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EXCLUSIVE: Kim MacAskill on her Work for “Suicide Squad” Game and Writing for Video Games



Recently I had the pleasure of sitting down, via Zoom call, with scriptwriter Kim MacAskill and talk a little bit about her work writing for TV and video games, and especially the upcoming Suicide Squad: Kill the Justice League game, developed by Batman Arkham veteran studio Rocksteady.

After stepping down from a career as a stand-up comedian, Kim focused her efforts on writing, until she also became a producer to make things happen, and eventually got a producer role on BBC Comedy. Now, she’s responsible for the script of the Fable video game reboot and the highly-anticipated Suicide Squad title; check out the full interview below and a few highlights afterwards:


Many people who are into the writing process sometimes wonder how different it is between writing for a medium like film or TV and the realm of video games. Well, I went on and asked Kim about it.

When comparing her experiences writing for TV and video games, Kim says the process is very different. “I wish someone had told me how different they were”, she remarks, “because when I first started in games […] I joined thinking it would be very much like writing a script, handing it to them and hoping it stuck, and that would be it.”

But that wasn’t exactly it, as Kim continues: “[…] I was confused when they were like ‘okay, we’ll start you on a 2 year contract’ and I thought ‘2 year contract? […] I don’t understand, like, that was a whole production, why’d they need a writer for 2 years?'”, and she goes on to explain how different the process of writing for video games is: “Games are very much you sit down, you have a script, and then design, art, tech art, coding, and the creative director, everybody comes out and goes ‘okay, here’s all the reasons we’re gonna change that, can you write the script based on 20 changes?’, and you’re like ‘oh, okay’. Then later on someone in design will go ‘okay we’re not doing that thing anymore, so you’re gonna have to rewrite that whole chapter because now we’re not using tanks; instead of tanks, we’re gonna use dragons. Can you work with that? Can you change it to dragons?”, and so it goes throughout the whole production.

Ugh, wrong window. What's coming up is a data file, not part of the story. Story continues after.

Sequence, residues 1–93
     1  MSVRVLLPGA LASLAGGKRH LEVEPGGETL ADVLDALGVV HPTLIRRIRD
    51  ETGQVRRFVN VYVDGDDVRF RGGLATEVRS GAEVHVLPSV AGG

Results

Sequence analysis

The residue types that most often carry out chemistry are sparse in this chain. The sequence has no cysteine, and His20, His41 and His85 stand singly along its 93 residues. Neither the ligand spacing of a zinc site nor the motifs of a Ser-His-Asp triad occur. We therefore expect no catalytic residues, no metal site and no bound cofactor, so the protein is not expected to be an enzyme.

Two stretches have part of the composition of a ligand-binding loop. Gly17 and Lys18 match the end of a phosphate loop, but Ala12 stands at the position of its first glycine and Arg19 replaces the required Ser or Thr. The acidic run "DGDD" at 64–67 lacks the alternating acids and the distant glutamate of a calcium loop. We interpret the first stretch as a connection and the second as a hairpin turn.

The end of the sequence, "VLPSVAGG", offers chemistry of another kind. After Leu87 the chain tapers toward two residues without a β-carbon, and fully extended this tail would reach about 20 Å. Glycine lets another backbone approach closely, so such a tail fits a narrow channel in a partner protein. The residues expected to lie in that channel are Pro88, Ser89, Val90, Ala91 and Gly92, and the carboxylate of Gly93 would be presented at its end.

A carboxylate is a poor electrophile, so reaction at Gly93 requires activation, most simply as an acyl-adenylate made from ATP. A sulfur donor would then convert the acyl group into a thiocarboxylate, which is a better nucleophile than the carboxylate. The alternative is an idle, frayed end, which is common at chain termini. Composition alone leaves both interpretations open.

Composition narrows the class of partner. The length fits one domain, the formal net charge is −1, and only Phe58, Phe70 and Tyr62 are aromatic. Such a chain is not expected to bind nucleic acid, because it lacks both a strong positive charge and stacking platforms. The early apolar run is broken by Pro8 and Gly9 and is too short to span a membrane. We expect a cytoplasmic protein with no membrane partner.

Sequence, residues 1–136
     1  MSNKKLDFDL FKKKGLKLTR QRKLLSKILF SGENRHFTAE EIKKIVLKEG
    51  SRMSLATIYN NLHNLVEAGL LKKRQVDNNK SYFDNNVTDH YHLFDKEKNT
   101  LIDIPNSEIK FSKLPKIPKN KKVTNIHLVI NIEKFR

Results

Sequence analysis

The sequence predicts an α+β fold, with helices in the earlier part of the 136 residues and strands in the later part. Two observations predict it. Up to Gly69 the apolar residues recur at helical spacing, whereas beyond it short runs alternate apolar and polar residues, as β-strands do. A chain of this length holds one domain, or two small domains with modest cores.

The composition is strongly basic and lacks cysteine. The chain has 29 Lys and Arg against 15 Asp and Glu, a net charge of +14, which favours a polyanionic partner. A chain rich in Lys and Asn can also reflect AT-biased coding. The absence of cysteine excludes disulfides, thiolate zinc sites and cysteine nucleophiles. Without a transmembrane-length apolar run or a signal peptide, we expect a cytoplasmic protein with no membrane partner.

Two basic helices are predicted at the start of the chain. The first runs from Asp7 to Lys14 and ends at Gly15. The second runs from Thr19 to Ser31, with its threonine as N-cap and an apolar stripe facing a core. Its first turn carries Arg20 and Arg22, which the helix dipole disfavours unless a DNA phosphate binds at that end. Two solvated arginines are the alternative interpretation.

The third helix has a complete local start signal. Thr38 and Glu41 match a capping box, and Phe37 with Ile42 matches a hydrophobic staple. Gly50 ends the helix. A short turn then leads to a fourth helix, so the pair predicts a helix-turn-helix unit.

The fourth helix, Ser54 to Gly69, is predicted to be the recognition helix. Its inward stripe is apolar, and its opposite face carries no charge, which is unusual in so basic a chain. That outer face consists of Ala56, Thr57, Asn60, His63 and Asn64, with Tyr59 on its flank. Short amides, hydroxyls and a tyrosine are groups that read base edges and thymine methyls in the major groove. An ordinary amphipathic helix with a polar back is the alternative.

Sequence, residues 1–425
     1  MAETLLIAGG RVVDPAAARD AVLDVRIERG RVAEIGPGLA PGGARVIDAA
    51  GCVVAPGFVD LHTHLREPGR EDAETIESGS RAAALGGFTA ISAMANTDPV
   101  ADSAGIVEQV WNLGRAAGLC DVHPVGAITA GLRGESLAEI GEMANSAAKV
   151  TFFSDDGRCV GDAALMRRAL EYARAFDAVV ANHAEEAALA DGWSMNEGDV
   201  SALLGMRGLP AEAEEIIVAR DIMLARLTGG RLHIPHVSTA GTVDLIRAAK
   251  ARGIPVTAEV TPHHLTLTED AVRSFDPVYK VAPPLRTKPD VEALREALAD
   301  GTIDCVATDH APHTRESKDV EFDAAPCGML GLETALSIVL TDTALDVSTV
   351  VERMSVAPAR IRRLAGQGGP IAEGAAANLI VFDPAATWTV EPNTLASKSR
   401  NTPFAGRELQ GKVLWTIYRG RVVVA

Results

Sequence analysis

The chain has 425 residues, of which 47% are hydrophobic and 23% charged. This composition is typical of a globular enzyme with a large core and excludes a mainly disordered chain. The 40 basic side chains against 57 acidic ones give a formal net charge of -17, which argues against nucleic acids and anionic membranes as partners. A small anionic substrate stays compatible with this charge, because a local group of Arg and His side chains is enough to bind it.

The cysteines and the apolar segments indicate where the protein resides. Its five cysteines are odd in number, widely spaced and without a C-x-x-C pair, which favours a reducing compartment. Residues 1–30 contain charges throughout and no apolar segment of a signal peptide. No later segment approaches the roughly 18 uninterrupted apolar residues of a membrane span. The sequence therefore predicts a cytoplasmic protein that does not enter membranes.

Naturally, the Suicide Squad game is still a ways away and Rocksteady doesn’t want no secrets being spilled, so Kim isn’t currently allowed to talk in too much detail about her work in it. However, she did say that character development was her favorite aspect of the process: “If you know comic books, you know the characters have been retold and retold and there’s a slight spin every single time a character’s been retold, for example there’s that rule of ‘Batman never kills anyone’ […]”, but as soon as someone claims that, she says “there’s a comic book writer right there somewhere who’s just like… ‘guess what’s he gonna do in my comic book?'”, so Kim states that it was all about finding who was the Suicide Squad for them in this particular iteration, building from what’s come before but also giving it its own take.

She also says that her favorite character to write in this game was “probably Harley Quinn”, and the journey they went on with her in it was “particularly rewarding”, and that she is very proud to where they went with Harley creatively. Personally, I’m a huge Harley Quinn fan and as much as I love Batman: Arkham Knight I did feel somewhat let down by how the character was approached in that game, so hearing this about her portrayal in Suicide Squad: Kill the Justice League is especially exciting.

Kim goes on to reveal that besides the main go-to channel of inspiration that are the DC comic books, her work was also considerably inspired by the animated films and even fan art!

There’s quite a lot more insight the scriptwriter shared about her writing processes and what to expect from the Suicide Squad game, which is slated to release on 2022. Make sure to check the full interview in video at the beginning of the article!

Pronouns are they/them. A genre enjoyer. Obsessed with all kinds of films from mainstream blockbusters to weird art house cinema. I will enjoy the hell out of a movie you probably hate.